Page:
We Feed People showcases all the pleasures and trials of making sure nobody goes hungry.

We Feed People (2022) Review By Mark McPherson

Published on June 9, 2022

Rating 3.5 /5

José Andrés is a chef. No, that seems like an understatement. That’d be like saying Elvis Presley was a singer. José’s work with food has extended to talk shows and cooking programs but it goes beyond that. His real work that will leave the most lasting impact on the world is his World Central Kitchen organization. Their mission is to get quality food to disaster areas but, again, that almost feels like an understatement.

This documentary by Ron Howard, fresh off his other exploratory films like Rebuilding Paradise, digs into both José and the World Central Kitchen. José turns out to be a rather fascinating person beyond just his cooking. For the record, his cooking is amazing. He has a way of showing passion and enthusiasm in his work that always comes off as genuine. His relationship with his family also comes across as eccentric and being aware of what matters most in life. As his daughter relays in the picture, her father knew that television was more of a tool to communicate than something that would be a lifestyle.

This seems rather true as José’s most important work is not the kind that would get him recognized on talk shows or land a cooking show on the Food Network. His foundation of the World Central Kitchen had an aim to get food to those who need it most. José takes a very hands-on approach to this organization, getting involved so heavily that he’s on the ground to making sure people are fed. His work goes beyond just cooking. He’s very on top of the organization to make sure his make-shift kitchens work well. If any aspect lags behind or there’s a chance not everybody will be fed, he gets rather bitter and depressed. This guy isn’t just some chef seeking some publicity; he’s a devoted cook who really wants to do good in the world as best as he can.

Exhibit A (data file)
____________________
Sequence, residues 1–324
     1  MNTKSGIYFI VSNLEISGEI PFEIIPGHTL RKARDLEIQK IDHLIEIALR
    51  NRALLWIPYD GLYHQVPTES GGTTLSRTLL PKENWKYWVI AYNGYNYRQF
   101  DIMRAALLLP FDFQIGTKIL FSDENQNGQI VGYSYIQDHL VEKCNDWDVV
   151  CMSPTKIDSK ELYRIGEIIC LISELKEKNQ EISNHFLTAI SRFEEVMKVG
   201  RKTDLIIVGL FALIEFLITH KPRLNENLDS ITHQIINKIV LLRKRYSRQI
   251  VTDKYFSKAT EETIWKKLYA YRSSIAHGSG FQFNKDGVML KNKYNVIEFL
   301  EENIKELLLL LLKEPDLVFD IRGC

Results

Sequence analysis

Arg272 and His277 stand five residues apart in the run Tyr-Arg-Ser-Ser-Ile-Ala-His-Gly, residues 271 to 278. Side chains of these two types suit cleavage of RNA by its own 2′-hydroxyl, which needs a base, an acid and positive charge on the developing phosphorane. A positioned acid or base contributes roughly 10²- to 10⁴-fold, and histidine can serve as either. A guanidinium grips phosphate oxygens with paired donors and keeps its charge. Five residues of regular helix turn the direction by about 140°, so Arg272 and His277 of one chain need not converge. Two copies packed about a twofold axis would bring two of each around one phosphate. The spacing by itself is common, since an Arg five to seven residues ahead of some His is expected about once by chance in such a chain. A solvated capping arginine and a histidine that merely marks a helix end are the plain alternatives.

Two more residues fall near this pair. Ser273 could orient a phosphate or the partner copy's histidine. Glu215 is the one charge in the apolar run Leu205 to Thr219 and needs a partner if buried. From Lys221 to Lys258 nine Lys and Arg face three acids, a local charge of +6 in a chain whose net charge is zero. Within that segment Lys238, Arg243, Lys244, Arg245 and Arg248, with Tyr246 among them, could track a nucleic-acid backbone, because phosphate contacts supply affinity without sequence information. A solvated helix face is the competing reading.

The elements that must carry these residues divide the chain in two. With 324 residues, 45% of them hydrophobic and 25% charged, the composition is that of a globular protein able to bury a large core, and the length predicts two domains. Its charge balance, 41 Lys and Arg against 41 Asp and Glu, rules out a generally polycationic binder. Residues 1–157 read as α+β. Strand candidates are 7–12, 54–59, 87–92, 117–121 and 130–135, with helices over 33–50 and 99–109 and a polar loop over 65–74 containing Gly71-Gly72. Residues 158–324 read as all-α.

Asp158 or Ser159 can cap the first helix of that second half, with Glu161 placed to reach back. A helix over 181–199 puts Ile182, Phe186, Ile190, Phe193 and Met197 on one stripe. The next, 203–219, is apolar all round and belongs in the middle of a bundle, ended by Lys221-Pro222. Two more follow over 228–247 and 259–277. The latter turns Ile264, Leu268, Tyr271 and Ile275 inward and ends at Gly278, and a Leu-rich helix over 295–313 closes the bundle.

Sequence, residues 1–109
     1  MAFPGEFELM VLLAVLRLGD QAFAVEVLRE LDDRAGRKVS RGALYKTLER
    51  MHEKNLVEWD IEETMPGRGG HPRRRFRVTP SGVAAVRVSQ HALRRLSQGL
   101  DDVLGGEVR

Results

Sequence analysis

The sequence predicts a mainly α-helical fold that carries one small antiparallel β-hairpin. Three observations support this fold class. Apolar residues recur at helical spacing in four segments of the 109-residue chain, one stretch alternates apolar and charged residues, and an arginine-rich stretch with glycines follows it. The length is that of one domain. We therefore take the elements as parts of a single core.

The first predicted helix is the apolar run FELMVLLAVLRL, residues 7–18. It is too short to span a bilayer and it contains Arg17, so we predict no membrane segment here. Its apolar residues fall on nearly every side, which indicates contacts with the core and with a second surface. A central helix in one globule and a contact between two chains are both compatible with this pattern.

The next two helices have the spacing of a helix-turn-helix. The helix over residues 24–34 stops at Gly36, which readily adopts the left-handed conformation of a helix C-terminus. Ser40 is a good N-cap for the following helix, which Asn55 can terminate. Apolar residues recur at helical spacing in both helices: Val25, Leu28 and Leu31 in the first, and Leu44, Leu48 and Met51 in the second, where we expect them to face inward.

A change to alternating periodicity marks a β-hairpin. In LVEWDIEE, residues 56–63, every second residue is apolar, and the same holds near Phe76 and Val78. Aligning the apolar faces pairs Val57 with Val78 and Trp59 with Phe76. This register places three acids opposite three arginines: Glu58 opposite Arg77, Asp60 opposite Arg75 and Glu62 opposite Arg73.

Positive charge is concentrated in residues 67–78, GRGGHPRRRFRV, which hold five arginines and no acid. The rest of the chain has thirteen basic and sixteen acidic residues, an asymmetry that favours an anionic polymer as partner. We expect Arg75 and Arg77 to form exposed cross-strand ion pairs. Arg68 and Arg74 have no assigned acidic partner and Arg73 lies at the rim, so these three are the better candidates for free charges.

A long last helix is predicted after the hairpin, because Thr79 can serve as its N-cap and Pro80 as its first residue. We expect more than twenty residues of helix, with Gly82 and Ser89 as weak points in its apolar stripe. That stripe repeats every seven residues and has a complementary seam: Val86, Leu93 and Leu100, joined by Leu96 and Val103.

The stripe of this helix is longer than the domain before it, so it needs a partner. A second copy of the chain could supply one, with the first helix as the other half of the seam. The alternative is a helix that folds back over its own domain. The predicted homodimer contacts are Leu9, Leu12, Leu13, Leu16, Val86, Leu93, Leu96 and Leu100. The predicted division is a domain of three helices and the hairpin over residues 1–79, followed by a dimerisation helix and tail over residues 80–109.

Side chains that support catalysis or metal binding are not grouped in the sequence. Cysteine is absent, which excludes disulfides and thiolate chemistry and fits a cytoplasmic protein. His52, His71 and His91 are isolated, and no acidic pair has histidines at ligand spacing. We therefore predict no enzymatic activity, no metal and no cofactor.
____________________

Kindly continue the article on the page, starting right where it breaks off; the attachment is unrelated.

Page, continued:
It’s interesting to see how far José is willing to push himself with this organization when disaster strikes the world, which seems to be regular with the advent of climate change bringing more carnage. While his humanitarian efforts have been recognized, there are some aspects that this film reveals that we won’t see as vocal in his magazine interviews. It’s the tough challenge of setting up a kitchen in a demolished building. It’s the arguments that break out over how to get the food transported. It’s the small moments of finding destitute people in disaster areas and getting them fed. And, perhaps the most emotional scenes of the film, it’s the tears of José’s for being tired and feeling like he can’t push further than you wish.

Despite feeling like a rather flowery profile, this is a film that showcases a lot of pain and passion in a deeply reflective way. On one hand, you can’t help but feel that there’s a bigger discussion about the climate change that brings these disasters. Yet it feels like a bigger topic that seems too far beyond the control of someone like José. What can he do? Well, he cooks. Why not cook for those who need it most? That became his mission in life and it is one that is sure to be deeply fulfilling, feeding bellies as much as he is feeding his soul.

We Feed People showcases all the pleasures and trials of making sure nobody goes hungry. It perhaps feels too much like a commercial for World Central Kitchen but, even then, it’s a commercial for an organization that wants to do good in the world. José leads this organization as more than just an organizer sitting in an office. He gets his boots on the ground and his stove lit. He takes the initiative to feed the entire world. While that’s a bigger challenge, one man such as him can certainly make a big dent.

Written By

Mark McPherson

Written By

Mark McPherson

Mark has been a professional film critic for over five years and a film lover all his life.

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